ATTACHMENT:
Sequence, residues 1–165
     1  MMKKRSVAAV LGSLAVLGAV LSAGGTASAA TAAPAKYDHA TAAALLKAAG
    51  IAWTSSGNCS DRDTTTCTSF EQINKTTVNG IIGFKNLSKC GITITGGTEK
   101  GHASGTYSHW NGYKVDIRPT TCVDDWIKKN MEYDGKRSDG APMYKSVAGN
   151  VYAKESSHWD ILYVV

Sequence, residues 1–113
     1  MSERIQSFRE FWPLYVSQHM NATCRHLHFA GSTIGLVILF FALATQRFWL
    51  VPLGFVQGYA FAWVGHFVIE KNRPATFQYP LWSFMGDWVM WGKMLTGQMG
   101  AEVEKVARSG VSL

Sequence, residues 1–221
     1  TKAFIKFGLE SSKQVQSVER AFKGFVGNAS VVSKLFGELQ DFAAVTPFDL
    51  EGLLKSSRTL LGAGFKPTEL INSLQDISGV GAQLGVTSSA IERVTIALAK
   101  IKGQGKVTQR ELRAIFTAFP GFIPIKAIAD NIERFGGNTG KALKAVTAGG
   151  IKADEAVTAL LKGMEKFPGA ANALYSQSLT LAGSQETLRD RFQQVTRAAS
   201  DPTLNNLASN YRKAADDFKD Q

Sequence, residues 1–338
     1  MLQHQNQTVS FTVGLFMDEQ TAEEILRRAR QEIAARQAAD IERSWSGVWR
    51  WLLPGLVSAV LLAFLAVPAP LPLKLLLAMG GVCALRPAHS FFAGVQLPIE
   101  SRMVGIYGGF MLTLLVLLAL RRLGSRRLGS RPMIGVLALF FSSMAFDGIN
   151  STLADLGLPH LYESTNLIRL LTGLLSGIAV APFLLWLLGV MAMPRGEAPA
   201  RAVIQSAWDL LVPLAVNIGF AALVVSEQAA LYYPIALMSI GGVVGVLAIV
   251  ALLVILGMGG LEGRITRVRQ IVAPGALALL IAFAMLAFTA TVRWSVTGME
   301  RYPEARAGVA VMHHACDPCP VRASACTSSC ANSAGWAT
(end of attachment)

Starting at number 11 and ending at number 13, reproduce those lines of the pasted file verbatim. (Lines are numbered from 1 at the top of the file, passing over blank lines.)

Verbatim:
     1  TKAFIKFGLE SSKQVQSVER AFKGFVGNAS VVSKLFGELQ DFAAVTPFDL
    51  EGLLKSSRTL LGAGFKPTEL INSLQDISGV GAQLGVTSSA IERVTIALAK
   101  IKGQGKVTQR ELRAIFTAFP GFIPIKAIAD NIERFGGNTG KALKAVTAGG